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Norwich scientists leading fightback against invasion of Spanish slugs

PUBLISHED: 19:58 13 October 2013 | UPDATED: 19:58 13 October 2013

Student Rachel Ayers has been part of the team behind the citizen-science Slugwatch project.

Student Rachel Ayers has been part of the team behind the citizen-science Slugwatch project.


Britain is under attack – and your country needs you.

Spanish slug Spanish slug

That’s the warning from scientists in Norwich, who are calling for help in tracking a particularly voracious invader: the Spanish slug.

First spotted in East Anglia in January, the species may be set to return in greater numbers this winter, so researchers at the John Innes Centre have set up a new website to track the progress of arion vulgaris across the region.

Experts have warned of “a disaster waiting to happen” if the Spanish slug establishes itself, as it causes more eating damage that other varieties and cannot be controlled with existing measures. They hope that the website, where the public can record their findings and photographs, can help to track its progress.

Dr Ian Bedford, head of entomology at the JIC, said: “The reports may give us an idea of how widespread the Spanish slug has become and whether it is breeding with our native species to form a hybrid.”

A hybrid could combine the worst of the Spanish slug with the tolerance to cold of our native species.

The Spanish slug survives many slug pellets, eats crops spared by native slugs, tolerates drier conditions, reproduces in greater numbers and eats dead animals and excrement.

The first UK report of the slug was in East Anglia, by Dr Bedford. Many slugs were seen off by the long winter, but their eggs survived.

Norwich A level student-turned-malacologist Rachel Ayers is also behind the citizen-science project.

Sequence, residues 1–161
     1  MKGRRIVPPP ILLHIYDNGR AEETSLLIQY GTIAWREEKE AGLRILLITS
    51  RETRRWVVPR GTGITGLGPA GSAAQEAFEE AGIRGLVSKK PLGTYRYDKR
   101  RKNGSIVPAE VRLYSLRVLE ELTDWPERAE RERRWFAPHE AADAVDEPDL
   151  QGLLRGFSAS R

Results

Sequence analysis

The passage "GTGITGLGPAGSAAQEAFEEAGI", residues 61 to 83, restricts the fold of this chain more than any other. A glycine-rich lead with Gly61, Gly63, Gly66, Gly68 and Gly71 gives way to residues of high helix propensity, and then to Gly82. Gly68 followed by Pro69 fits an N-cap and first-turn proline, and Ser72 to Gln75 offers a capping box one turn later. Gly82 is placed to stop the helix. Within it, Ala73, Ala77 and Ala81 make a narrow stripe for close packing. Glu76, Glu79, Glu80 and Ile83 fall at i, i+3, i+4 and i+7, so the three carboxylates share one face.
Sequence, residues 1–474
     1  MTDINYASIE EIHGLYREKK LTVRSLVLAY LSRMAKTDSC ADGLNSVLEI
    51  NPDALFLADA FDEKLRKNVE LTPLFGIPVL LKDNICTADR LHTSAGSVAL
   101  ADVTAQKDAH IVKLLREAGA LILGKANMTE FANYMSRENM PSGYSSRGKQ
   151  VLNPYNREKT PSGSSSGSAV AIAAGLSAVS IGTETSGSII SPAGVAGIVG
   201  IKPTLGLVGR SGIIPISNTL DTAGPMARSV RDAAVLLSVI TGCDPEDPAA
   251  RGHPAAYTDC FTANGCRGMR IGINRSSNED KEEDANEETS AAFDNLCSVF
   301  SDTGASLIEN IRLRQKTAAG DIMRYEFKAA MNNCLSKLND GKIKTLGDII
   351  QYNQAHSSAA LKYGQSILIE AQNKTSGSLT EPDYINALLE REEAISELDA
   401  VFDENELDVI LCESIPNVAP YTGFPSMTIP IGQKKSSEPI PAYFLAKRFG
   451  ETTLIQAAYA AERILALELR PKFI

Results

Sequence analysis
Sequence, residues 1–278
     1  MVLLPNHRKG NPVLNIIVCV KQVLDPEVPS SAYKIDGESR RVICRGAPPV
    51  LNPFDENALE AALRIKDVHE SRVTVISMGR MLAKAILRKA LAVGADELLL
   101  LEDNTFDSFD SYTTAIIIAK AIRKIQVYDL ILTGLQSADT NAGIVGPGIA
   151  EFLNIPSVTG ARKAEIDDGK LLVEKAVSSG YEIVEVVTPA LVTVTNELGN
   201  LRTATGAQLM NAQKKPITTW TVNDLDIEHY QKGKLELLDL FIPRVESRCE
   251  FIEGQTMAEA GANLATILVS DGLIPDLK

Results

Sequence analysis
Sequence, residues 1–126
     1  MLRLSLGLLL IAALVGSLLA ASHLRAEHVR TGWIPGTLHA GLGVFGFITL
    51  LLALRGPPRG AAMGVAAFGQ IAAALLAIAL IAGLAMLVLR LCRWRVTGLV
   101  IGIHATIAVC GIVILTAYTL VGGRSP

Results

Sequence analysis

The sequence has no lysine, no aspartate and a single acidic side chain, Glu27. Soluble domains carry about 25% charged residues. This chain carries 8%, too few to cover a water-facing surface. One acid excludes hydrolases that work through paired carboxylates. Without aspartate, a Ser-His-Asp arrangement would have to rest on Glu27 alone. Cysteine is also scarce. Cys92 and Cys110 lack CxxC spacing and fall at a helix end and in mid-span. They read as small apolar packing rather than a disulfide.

“We want people to survey their gardens, local areas and school grounds for slugs, or they can build a trap using instructions on the site,” said the 17-year-old, a student at Notre Dame High School.

Miss Ayers said: “One of the most interesting parts of the project was learning about slugs and how to identify them. While photographing them, I found that the chestnut slug moves unexpectedly fast and this became my favourite species.”

As well as creating the website, she developed Top Trump cards for use in schools. She worked on the project during a Nuffield research placement and used her report on it to achieve the top award in a British Science Association scheme.

However, scientists insist that slugs do play an important role in the ecosystem, as natural composters, breaking down vegetation, and providing food for hedgehogs, toads and some garden birds.

Of the 30 native species in the UK, just four are classed as pests: the netted or grey field slug, the garden slug, the keeled slug and the large black slug.

“We hope that as well as helping with research into the Spanish slug, people will learn a bit about the biology of these molluscs,” said Dr Bedford.

“You never know, we may even help inspire someone to become a malacologist in the future.”

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